Satellite imagery is increasingly a key asset for journalists. Looking from above often allows us to put a story into context, take a more interesting perspective or show what some power prefers to keep hidden.
But with hundreds of satellites taking thousands of images of the Earth every day, it is difficult to separate the wheat from the chaff. How can we find relevant stories in this ocean of data?
Satellite-driven stories don’t have to use using artificial intelligence (AI) — many can be told using satellite data alone, without. The main advantages of AI include quantifying phenomena, identifying patterns, showing changes or finding a “needle in a haystack” across large territories or different time periods.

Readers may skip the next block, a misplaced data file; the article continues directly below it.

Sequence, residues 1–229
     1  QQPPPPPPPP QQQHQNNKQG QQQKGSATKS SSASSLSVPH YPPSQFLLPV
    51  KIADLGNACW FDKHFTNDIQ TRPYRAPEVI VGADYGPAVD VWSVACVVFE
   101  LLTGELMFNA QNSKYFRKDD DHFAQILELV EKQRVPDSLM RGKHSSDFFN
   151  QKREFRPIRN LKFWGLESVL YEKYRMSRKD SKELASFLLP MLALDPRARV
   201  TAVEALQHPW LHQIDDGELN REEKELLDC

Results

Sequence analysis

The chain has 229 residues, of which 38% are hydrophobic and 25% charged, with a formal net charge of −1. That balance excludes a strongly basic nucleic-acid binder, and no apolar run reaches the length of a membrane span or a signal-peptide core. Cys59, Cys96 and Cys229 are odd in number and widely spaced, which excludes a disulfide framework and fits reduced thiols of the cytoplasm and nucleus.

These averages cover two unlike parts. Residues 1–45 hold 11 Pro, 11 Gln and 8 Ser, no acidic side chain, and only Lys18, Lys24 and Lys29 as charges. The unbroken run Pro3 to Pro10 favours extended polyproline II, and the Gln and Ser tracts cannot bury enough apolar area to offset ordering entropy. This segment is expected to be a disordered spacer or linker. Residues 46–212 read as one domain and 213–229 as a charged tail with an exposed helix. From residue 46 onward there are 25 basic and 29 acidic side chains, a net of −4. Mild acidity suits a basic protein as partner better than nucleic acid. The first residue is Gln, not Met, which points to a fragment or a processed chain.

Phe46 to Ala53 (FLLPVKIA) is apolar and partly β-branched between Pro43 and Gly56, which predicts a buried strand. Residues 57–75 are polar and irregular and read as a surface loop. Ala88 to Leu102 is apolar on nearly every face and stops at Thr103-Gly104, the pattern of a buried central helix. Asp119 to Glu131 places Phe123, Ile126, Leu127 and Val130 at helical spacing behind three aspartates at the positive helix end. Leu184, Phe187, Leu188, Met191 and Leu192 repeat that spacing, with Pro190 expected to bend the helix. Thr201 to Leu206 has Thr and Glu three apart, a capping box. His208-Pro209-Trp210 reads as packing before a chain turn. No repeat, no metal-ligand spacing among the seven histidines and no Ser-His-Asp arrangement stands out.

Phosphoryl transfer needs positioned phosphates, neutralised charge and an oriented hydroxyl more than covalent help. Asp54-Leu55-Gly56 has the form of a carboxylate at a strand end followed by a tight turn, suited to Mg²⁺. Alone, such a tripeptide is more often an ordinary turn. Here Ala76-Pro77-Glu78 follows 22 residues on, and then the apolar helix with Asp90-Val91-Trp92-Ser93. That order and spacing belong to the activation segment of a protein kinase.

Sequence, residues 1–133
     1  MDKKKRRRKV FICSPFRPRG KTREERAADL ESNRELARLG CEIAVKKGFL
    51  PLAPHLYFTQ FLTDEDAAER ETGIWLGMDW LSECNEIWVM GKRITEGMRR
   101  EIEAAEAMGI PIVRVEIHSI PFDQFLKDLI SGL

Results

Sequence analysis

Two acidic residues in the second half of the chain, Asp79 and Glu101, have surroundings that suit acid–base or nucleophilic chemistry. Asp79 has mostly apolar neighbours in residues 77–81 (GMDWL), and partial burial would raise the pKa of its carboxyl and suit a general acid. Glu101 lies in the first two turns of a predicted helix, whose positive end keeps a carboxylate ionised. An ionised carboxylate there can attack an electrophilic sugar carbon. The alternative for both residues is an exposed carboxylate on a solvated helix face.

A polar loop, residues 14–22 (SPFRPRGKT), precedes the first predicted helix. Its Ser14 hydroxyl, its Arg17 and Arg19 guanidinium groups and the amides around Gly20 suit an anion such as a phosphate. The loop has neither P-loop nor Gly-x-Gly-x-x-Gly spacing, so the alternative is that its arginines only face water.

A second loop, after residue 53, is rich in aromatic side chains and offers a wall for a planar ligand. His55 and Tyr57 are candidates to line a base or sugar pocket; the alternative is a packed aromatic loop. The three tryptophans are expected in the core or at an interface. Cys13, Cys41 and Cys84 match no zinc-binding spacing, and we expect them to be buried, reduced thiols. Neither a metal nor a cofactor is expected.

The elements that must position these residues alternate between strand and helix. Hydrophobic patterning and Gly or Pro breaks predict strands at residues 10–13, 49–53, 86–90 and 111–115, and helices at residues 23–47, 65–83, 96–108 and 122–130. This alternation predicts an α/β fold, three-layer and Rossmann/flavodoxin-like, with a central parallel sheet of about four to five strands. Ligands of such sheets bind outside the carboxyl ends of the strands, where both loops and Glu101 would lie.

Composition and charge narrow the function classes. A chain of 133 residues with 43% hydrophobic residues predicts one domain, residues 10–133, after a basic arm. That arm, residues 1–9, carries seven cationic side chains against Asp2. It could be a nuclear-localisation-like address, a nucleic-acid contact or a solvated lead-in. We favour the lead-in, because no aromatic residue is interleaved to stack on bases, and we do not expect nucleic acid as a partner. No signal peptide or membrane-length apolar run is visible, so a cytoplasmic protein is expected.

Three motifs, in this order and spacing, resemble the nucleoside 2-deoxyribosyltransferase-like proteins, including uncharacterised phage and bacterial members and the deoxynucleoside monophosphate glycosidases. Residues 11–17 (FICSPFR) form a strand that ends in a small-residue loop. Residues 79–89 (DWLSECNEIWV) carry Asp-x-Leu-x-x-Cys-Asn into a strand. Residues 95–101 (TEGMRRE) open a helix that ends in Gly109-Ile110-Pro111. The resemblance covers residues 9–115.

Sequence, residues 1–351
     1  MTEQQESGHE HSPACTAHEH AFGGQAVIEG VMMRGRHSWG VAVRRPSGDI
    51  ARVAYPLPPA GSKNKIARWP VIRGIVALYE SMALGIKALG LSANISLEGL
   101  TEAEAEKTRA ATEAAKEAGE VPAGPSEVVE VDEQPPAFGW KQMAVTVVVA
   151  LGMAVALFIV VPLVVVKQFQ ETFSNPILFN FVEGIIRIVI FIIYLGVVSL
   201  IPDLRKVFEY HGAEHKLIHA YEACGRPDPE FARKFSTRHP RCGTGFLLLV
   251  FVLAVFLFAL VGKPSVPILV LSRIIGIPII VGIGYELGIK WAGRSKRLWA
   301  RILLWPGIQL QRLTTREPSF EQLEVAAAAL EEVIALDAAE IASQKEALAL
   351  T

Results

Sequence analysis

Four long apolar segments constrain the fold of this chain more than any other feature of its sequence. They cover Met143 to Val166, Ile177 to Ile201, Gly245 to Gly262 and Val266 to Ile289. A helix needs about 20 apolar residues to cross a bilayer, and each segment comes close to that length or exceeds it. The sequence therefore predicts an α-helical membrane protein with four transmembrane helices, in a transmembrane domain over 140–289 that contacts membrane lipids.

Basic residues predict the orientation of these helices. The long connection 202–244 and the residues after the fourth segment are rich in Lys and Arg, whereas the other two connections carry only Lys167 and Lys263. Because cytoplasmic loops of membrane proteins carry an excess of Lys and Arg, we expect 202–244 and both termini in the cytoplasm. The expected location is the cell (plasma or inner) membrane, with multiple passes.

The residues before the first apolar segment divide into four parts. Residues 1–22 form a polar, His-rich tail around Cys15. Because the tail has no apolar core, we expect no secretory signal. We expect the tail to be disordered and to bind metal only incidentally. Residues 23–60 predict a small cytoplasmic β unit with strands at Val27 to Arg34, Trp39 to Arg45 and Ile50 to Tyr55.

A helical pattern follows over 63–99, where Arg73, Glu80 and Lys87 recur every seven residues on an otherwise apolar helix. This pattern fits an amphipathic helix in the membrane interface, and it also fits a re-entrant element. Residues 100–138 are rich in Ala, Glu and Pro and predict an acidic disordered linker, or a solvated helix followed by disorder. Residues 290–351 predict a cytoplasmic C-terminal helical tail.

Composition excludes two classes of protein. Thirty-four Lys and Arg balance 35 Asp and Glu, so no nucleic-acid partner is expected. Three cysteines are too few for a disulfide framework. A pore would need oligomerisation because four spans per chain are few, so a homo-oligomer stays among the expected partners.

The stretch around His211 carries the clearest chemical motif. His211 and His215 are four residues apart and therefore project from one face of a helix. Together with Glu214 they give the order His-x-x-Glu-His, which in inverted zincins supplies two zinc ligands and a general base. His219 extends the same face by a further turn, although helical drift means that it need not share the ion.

AI algorithms can also be used to automate a process: since satellites produce recurring data, you can build, for example, a platform that automatically detects changes in the size of forests.
Paul Bradshaw’s framework for data journalism angles recognises eight types of stories: scale, change, ranking, variation, exploration, exploration, relationships, stories about data and stories through data. The same framework can be adopted to generate ideas for satellite journalism, too.
Working with satellite imagery and AI models takes time and patience. There is no general rule: you have to find the right model for each case, in a process of trial and error, while crunching large amounts of data.
That is why the advice of Anatoly Bondarenko, data editor of Texty, is crucial: